We’ve all heard of the “death rattle,” the last gasp from a lost soul’s lungs. Sometimes, we seem to hear it from the companies in which we invest. Revenues dry up. Margins contract. Profits evaporate. All these signs suggest that their condition is worsening -- a financial death rattle, if you will.

Stocks in sick bay
Don’t assume that all such companies are goners. Some will barely cling to life, while others will make a full recovery. Here, though, we’re seeking companies that have all but given up the ghost.

For help, we’ll turn to the clever coroners at our 135,000-strong Motley Fool CAPS community, where members give the thumbs-up or thumbs-down to some 5,300 stocks. We’ve unearthed a handful of stocks that look like they might be headed six feet under based on their one-star ratings, but we'll head over to CAPS to measure players’ opinions on a company's prospects.

Then we’ll palpate the stocks’ pulses with some quick tests for liquidity -- who knows, maybe we'll still find some signs of life! The current ratio and quick ratio (also called the “acid test” ratio) give us an idea of a company’s ability to pay its bills, and the Altman Z-Score suggests companies in danger of bankruptcy. Companies scoring 3.00 and above are considered safe, between 2.70 and 2.99 are “yellow flags,” between 1.80 and 2.70 have a good chance of going bankrupt within two years, and those with scores below 1.80 mean the cryptkeeper is waiting.

Here’s today’s list. Our primary screen illustrates those stocks to which CAPS investors have given one-star status. The question is, are these companies only mostly dead, or have they already given up the ghost?


CAPS Rating (out of 5)

Current Ratio

Acid-Test Ratio

Altman Z-Score

Recent Price

Boston Properties (NYSE:BXP)






Brunswick (NYSE:BC)






Centex (NYSE:CTX)






Furniture Brands (NYSE:FBN)






Standard Pacific (NYSE:SPF)






Sources: Motley Fool CAPS; Capital IQ, a division of Standard & Poor's. As of Sept. 27, 2008.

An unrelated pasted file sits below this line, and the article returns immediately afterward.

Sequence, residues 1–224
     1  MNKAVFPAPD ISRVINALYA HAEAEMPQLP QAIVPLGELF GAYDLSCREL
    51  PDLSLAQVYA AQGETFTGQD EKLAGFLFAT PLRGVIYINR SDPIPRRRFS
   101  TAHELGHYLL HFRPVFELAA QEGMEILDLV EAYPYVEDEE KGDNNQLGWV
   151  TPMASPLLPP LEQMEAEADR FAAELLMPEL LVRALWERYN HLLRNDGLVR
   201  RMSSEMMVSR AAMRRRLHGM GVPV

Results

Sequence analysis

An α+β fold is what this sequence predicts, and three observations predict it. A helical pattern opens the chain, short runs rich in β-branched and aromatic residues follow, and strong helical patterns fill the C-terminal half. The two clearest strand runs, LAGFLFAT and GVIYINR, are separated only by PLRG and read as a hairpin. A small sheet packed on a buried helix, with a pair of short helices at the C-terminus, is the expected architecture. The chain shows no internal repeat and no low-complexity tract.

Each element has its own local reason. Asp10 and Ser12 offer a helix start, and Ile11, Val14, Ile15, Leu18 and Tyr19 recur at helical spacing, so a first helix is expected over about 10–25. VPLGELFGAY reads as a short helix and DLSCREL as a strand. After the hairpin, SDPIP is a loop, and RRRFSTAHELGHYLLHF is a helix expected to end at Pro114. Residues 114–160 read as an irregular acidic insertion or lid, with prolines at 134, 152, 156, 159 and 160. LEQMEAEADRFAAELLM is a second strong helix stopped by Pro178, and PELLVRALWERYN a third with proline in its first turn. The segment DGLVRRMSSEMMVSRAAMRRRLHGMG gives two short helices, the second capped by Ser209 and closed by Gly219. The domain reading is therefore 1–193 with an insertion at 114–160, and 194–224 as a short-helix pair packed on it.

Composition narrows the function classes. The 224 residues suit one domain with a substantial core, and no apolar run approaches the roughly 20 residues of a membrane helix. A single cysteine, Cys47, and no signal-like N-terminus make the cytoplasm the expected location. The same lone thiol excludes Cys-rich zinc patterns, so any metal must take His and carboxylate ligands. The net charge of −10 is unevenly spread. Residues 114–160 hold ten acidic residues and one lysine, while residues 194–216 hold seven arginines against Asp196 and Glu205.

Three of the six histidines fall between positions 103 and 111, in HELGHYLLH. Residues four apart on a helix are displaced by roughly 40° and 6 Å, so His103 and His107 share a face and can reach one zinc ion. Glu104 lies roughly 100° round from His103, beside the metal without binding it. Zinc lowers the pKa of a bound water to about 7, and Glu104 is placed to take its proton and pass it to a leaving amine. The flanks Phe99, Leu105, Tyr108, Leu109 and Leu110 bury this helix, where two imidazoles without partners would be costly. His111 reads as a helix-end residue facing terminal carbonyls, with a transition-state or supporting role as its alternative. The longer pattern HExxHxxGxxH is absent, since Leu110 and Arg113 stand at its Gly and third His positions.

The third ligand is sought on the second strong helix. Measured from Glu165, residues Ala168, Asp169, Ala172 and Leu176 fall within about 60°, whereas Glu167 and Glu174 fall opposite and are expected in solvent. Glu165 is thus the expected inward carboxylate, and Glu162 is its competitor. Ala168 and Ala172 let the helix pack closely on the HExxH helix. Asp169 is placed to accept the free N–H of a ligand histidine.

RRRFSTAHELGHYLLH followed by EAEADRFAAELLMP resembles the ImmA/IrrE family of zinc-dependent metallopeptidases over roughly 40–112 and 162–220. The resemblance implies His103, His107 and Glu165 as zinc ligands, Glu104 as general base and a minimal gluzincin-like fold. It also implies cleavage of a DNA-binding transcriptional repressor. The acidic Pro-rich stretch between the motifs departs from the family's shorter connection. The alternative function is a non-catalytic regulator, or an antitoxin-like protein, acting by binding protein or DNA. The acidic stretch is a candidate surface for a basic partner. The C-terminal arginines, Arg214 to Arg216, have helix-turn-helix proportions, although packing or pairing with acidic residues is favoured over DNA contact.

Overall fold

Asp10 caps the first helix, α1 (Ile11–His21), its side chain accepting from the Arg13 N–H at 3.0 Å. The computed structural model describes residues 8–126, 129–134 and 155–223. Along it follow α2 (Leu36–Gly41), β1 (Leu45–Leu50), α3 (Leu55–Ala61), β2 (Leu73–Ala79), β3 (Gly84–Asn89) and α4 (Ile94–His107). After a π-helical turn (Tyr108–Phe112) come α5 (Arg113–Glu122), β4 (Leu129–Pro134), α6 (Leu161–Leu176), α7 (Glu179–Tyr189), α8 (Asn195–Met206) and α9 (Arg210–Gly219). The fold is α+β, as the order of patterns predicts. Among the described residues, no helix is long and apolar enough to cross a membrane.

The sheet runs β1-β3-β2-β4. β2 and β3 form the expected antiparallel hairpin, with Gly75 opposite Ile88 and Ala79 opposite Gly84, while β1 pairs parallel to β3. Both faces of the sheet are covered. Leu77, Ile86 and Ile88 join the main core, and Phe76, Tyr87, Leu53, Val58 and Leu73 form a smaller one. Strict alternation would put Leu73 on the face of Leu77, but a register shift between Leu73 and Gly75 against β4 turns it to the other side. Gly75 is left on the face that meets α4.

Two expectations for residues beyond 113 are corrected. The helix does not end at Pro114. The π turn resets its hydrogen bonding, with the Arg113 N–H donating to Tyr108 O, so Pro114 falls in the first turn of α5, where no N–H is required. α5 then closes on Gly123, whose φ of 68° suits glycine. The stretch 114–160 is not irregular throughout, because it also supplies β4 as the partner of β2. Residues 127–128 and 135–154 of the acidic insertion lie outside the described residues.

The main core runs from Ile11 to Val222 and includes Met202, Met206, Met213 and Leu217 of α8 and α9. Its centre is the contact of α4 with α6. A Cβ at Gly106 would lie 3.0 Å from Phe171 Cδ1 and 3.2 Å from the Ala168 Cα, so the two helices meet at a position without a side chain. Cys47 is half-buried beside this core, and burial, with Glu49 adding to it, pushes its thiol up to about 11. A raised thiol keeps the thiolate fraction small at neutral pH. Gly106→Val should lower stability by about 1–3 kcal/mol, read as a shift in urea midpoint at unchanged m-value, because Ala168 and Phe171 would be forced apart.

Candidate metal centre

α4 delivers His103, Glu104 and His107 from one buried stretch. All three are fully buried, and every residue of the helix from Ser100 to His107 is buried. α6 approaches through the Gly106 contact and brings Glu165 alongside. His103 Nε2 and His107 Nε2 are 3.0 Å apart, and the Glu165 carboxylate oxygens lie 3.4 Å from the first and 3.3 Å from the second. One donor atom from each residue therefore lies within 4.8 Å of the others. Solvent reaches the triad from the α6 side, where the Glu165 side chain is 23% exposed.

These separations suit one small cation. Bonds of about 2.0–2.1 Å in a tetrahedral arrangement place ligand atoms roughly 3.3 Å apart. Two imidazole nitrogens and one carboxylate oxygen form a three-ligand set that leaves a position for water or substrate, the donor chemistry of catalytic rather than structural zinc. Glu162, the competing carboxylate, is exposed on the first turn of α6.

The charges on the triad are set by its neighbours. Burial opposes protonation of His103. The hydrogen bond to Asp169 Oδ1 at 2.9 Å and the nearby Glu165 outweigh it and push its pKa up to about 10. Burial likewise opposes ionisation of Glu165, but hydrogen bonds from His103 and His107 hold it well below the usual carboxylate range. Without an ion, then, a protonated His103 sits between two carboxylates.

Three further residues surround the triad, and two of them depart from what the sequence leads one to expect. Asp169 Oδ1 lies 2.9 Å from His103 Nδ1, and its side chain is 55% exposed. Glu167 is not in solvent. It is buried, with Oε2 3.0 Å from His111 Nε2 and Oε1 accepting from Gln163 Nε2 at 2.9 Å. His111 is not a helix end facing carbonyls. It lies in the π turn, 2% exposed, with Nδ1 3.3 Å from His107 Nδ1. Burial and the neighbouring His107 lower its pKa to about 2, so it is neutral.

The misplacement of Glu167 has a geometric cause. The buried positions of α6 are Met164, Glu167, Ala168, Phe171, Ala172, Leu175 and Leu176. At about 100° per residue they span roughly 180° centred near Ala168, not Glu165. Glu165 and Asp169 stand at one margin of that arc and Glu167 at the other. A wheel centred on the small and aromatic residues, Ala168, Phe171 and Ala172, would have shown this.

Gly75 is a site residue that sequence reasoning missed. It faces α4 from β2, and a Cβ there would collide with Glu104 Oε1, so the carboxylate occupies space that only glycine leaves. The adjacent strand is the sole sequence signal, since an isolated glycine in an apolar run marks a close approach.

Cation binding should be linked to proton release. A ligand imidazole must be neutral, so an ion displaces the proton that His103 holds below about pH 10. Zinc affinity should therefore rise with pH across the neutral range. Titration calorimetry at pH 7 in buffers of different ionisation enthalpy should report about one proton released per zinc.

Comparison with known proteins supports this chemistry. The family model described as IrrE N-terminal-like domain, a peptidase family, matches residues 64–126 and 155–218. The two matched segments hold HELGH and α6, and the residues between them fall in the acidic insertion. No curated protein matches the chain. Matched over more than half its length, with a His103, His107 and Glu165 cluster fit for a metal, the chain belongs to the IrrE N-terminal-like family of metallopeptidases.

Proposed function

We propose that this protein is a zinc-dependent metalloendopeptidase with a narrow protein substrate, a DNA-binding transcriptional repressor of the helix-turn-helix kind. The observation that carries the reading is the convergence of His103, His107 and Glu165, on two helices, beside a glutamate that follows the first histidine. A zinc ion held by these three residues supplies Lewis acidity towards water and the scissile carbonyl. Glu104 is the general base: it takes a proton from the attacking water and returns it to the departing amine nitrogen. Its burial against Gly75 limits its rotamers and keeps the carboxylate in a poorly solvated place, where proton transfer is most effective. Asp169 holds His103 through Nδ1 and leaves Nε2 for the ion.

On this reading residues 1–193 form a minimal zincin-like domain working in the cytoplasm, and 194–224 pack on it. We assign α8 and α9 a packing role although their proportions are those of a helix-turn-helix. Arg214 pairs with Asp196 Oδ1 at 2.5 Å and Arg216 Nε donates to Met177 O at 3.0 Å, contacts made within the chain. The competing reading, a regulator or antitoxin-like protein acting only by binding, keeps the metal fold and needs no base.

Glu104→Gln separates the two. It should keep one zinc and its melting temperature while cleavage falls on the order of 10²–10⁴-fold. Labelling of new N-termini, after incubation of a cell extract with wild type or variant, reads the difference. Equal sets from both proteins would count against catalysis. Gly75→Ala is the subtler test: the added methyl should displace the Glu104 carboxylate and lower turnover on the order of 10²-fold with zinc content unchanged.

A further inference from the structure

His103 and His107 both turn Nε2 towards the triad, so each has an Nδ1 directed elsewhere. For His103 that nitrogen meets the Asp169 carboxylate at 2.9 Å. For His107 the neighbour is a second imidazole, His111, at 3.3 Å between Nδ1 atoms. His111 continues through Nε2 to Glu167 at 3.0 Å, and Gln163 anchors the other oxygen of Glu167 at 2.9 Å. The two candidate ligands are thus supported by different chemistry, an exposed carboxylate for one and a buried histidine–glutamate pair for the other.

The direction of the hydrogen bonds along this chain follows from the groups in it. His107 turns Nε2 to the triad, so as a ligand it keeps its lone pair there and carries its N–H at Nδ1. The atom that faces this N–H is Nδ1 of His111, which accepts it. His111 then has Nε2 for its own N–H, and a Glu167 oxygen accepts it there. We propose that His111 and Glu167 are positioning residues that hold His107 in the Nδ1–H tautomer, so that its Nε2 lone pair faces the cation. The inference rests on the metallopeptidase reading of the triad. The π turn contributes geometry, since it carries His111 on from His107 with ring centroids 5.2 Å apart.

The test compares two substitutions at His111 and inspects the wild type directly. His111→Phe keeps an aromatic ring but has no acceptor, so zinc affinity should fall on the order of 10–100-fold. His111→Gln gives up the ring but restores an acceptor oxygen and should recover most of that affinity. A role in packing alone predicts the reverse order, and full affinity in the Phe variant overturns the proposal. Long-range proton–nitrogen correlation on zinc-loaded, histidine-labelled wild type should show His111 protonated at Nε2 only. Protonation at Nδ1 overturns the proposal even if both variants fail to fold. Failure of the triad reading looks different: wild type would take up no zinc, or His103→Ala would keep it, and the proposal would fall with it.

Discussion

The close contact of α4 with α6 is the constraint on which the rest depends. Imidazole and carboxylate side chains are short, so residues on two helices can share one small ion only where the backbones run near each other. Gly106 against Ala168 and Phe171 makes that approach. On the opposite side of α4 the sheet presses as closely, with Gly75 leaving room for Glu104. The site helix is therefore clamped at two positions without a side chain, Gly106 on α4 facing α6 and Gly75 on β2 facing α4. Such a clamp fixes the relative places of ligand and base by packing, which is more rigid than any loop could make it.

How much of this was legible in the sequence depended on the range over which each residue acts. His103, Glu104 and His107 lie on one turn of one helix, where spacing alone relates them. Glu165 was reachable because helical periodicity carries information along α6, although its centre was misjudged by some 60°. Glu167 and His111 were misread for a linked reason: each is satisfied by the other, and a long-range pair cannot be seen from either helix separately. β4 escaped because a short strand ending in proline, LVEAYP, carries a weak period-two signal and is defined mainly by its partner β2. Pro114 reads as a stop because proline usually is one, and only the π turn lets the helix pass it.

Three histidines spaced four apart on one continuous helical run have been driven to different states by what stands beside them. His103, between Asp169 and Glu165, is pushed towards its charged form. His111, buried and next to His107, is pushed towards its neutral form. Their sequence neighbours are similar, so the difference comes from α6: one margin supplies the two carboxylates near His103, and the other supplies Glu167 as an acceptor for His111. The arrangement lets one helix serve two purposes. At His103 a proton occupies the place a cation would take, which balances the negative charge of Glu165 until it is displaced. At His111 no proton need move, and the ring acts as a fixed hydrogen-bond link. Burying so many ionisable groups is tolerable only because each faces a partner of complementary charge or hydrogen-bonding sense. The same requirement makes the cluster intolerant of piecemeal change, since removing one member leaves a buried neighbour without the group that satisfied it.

We obviously don’t know if these companies are headed six feet under, so don’t short them based on their appearance here. Moreover, some companies -- like software makers and financials -- don’t neatly fit into the Altman Z-Score scale. Yet like the mythological figure of Charon conducting souls across the River Styx to the netherworld, we'll use the CAPS community as our guide to determine whether these stocks are destined to seriously underperform the market.

Whistling past the graveyard
Perhaps it's not surprising that a number of these companies are tied to the housing sector, and when you think about how many speedboats people will actually be able to buy these days, it's understandable that Brunswick has shown up here as well. While MarineMax (NYSE:HZO) and West Marine (NASDAQ:WMAR) also report sliding sales, Brunswick's stock has fallen 60% over the past year as it has piled up losses and simply rolled over its long-term debt. That's led to liquidity concerns at the ratings agencies.

In contrast, Furniture Brands has been able to reduce its long-term debt, cutting it nearly in half over the past two years. Certainly, the dead housing market has hurt Furniture Brands' business, and rising unemployment makes the immediate future shaky, but over that two-year period, it has been able to sharply lower inventories, although operating expenses remain about even.

While the strength of its balance sheet might mean that it can stave off a worst-case scenario, as CAPS All-Star member shop1 noted back in April, it doesn't mean the larger macroeconomic picture won't continue to be a drag on performance:

This company has a lot of problems. From Jan 2005 to Jan 2008, its stock price has dropped 67%. At last report the company showed negative sales growth, negative income, negative EPS, negative return on equity and negative net profit.... With consumers cutting back on spending to compensate for increased fuel costs and increased costs of necessities, its unlikely that consumers are going to devote a lot of income to purchasing furniture. Thus, it is unlikely that [Furniture Brands] will be able to increase sales and profits or improve its financials within the near future. Despite having a dividend and yield of 0.16 (1.18%), an investor would fare better finding another company with solid financials.

Rattling the cage
Are these companies doomed to drag their investors into an underworld of underperformance? Or will they be resurrected to stalk the markets once again? It pays to start your own research on these stocks on Motley Fool CAPS. Read a company’s financial reports, scrutinize key data and charts, and examine the comments your fellow investors have made, all from a stock’s CAPS page. Sign up today, absolutely free, and let us know whether you think the Grim Reaper’s at the door.

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Fool contributor Rich Duprey does not have a financial interest in any of the stocks mentioned in this article. You can see his holdings here. The Motley Fool’s disclosure policy remains vibrant and full of life.